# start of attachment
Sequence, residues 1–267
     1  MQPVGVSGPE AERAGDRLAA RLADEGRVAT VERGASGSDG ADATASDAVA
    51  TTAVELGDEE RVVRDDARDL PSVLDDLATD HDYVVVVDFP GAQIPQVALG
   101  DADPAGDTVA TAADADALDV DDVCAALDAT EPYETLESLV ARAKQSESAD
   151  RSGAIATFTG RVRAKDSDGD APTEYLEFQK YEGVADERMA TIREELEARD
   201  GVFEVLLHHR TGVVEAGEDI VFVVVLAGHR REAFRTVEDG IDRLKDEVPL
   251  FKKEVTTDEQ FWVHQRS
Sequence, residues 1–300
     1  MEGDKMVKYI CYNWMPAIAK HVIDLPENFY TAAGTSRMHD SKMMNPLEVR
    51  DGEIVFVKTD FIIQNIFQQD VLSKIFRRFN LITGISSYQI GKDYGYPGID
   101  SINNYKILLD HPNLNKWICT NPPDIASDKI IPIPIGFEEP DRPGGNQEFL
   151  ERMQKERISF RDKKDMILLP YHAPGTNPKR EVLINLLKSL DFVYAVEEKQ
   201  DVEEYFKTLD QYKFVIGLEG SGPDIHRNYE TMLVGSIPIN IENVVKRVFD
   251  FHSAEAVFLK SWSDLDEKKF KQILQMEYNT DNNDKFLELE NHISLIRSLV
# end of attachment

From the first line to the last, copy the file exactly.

Sequence, residues 1–267
     1  MQPVGVSGPE AERAGDRLAA RLADEGRVAT VERGASGSDG ADATASDAVA
    51  TTAVELGDEE RVVRDDARDL PSVLDDLATD HDYVVVVDFP GAQIPQVALG
   101  DADPAGDTVA TAADADALDV DDVCAALDAT EPYETLESLV ARAKQSESAD
   151  RSGAIATFTG RVRAKDSDGD APTEYLEFQK YEGVADERMA TIREELEARD
   201  GVFEVLLHHR TGVVEAGEDI VFVVVLAGHR REAFRTVEDG IDRLKDEVPL
   251  FKKEVTTDEQ FWVHQRS
Sequence, residues 1–300
     1  MEGDKMVKYI CYNWMPAIAK HVIDLPENFY TAAGTSRMHD SKMMNPLEVR
    51  DGEIVFVKTD FIIQNIFQQD VLSKIFRRFN LITGISSYQI GKDYGYPGID
   101  SINNYKILLD HPNLNKWICT NPPDIASDKI IPIPIGFEEP DRPGGNQEFL
   151  ERMQKERISF RDKKDMILLP YHAPGTNPKR EVLINLLKSL DFVYAVEEKQ
   201  DVEEYFKTLD QYKFVIGLEG SGPDIHRNYE TMLVGSIPIN IENVVKRVFD
   251  FHSAEAVFLK SWSDLDEKKF KQILQMEYNT DNNDKFLELE NHISLIRSLV